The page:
When Tink was still in infancy (a little over a year old) we took her to see a pediatric geneticist. While he didn't find anything at that time he could diagnose her with, he had a few conditions in mind that she could have, but was too young to meet the diagnostic criteria for. There were also a couple of conditions he was thinking about, but they would have required specialized genetic testing to diagnose, and he wasn't prepared to do that at that time.

As Tink has gotten older and (somewhat) bigger, the geneticist's report keeps echoing in my mind. I've done a little research (I know), and I can see signs of one of the conditions the geneticist mentioned all that time ago.

I'm reluctant to say, "I think Tink has this" to a pediatrician or other health care professional because I don't want to sound alarmist or that I'm looking for something more serious to be wrong with her. I don't want that at all. I want my daughter to be healthy. And the key to getting her healthy is finding out the cause of these problems.

As her mom, I know I am Tink's first and best advocate. I know what's normal and abnormal. I know if she's okay or not okay. And I have to follow my instincts when advocating for her.

I do think she might have one of the conditions the geneticist mentioned. But she might not. And I definitely think the more pressing concern is addressing her probable feeding disorder. Once that's out of the way, she'll either get better or we'll move on to the next round of diagnostic testing.

And I will always advocate for her as fiercely as I can.

08 August 2016

New changes, new structures

A typical day of homeschooling
Photo by Brandi Gilbertson
My life has changed a lot in the last four months or so.

We began homeschooling the kids, which changed our dynamic with Monty so that we have the kids every day when he's at work on his timesharing weeks.

I was diagnosed with fibromyalgia, so I'm trying to manage all the complexities that come with that.

Tink may have a feeding disorder (we're still figuring out her myriad of health problems).

And Puck has been referred to physical therapy which may help, but may point us in a different direction for his health needs.

In order to manage all these changes, it's been imperative for Bo and I to develop a clear daily structure and expectations for the kids as well as for ourselves. The structure is especially beneficial for Puck; he struggles with anxiety, so having a predictable routine every day helps keep him from becoming overwhelmed and anxious. It's also beneficial for Tink. She's very securely in the extroverted camp, and tends to get distracted easily. Our schedule keeps her focused until her schoolwork is done for the day.

It also helps me plan for work. One of the great benefits of my career is that it's built around flexibility. I work when I have to, but I can also work when I need to. This type of career allows me to go to the kids' appointments (and my own), homeschool, and spend lots of time with the munchkins. Having a set schedule with the kids gives me a framework for work. I know that Bo does homeschooling with the kids in the mornings, so I can use that time for work.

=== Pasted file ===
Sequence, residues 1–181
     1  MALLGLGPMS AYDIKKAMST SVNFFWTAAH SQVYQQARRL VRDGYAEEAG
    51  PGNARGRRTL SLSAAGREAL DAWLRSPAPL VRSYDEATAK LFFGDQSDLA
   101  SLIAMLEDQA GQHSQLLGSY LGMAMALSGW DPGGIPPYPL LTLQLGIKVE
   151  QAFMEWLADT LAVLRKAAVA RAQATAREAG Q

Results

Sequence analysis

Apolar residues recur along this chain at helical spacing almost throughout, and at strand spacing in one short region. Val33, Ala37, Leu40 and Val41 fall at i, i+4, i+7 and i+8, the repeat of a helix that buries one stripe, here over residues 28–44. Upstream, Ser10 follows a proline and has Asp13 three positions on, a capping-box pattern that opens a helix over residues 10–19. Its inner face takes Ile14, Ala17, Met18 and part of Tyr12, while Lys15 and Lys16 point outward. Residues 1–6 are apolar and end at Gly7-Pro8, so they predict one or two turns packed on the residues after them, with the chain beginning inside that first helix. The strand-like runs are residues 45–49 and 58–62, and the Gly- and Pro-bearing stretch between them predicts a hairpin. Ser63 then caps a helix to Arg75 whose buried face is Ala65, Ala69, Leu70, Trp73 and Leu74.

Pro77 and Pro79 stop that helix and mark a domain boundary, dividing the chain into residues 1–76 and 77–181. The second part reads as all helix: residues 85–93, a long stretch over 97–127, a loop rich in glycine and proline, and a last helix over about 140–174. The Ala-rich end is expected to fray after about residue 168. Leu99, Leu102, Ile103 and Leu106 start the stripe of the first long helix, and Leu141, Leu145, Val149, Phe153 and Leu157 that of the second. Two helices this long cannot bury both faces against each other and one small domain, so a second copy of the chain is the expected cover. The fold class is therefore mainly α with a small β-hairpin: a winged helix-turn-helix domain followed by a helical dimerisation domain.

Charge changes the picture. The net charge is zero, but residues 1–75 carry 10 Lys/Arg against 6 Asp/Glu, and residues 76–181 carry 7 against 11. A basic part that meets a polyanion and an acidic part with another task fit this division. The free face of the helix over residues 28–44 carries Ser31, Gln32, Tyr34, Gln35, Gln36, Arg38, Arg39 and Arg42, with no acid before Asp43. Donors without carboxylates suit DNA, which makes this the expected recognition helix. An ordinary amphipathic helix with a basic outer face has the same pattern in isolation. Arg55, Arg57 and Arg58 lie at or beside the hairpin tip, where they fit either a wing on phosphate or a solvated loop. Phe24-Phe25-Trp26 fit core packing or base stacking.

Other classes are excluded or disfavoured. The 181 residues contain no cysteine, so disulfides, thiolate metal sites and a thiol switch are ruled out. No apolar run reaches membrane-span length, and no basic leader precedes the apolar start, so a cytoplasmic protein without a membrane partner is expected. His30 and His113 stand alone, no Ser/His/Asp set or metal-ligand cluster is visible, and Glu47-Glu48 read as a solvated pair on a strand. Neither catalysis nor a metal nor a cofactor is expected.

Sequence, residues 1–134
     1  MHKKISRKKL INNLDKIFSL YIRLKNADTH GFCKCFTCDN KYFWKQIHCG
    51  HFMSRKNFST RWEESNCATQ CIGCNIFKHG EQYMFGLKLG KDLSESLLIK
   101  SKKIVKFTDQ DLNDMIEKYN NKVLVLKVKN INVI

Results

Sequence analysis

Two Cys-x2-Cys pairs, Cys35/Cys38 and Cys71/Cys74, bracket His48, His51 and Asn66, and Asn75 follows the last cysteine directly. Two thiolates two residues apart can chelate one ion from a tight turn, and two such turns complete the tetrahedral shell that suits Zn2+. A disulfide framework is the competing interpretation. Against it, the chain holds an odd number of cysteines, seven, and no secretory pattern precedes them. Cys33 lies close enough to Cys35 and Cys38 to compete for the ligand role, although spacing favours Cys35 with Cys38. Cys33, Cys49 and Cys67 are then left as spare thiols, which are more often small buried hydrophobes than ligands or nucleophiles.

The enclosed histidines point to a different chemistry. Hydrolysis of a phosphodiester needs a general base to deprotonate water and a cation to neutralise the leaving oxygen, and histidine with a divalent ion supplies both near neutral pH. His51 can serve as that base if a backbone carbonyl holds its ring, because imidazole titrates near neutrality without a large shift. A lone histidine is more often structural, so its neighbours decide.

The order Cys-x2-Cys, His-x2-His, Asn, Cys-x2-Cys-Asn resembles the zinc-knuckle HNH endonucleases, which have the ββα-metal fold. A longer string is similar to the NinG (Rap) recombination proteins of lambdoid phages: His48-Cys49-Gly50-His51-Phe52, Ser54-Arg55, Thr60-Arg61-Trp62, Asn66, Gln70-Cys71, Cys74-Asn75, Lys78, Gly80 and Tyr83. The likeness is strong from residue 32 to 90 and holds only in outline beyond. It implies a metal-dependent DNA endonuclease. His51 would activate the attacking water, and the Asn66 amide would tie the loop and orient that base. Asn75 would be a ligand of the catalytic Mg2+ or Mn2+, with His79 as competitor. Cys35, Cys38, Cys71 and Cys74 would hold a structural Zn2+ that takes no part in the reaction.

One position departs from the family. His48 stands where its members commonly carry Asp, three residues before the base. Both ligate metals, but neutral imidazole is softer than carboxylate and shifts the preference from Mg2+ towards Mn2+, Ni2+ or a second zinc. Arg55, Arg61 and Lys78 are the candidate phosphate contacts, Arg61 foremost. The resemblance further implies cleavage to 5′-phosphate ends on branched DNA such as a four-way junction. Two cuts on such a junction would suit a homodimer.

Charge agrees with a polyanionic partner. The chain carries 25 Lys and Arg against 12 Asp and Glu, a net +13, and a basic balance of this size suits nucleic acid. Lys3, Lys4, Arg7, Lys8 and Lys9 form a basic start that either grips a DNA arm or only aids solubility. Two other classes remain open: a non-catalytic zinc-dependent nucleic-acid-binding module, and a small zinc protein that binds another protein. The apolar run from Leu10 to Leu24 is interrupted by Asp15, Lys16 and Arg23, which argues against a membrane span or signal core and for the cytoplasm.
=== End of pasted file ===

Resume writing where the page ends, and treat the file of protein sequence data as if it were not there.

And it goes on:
I like how our life is set up. I like knowing I can adjust my schedule for field trips to the science center or library or unexpected blood work. Not only am I working in my field, but I have a successful career (that's continuing to grow) and am doing what I need to do so I can be present for my family.

Yes, our life is full of chaos. But our structure makes it manageable. And I certainly do love my life.

05 August 2016

Happy Birthday, Puck!

Photo by Brandi Gilbertson
Tomorrow my sweet boy turns seven.

I can hardly believe it.

Puck has grown and changed so very much in the last seven years. We've had some challenges and successes, but overall he's healthy and happy and on his way toward becoming the person he wants to be.

Puck is smart. When you give him something to do, he'll pick it up quickly and effectively. He likes being a helper, and he likes knowing how to do interesting and useful things. Some of his favorite toys are puzzles and anything he has to build.

Since we've started homeschooling, he's excelled in math and science. He's passionate about science, too. He reads non-fiction books (particularly those about animals) nearly every day. He can recall facts about animals easily, and it has given as a way to nurture a love of learning in him. He's an excellent student.

Photo by Brandi Gilbertson
Now that he's securely in the "school-age child" portion of his life, other aspects of his personality are starting to emerge. He's funny, and has a very sarcastic sense of humor. He loves to trick people (playfully, of course), play pranks, and tell jokes.

Puck is clearly his own person. He does things his own way, even if it means he sometimes does things the hard way. Eventually, though, he figures things out on his own or asks someone for help to figure it out.

I am honored to be his mom and to get to be a part of his growing up.

I'm eager to see everything that's still to come in his childhood. I'm eager to see the teenager and young adult he grows into years down the road. And, for now, we'll celebrate seven.

Happy Birthday, Puck. Mama loves you.

Photo by Brandi Gilbertson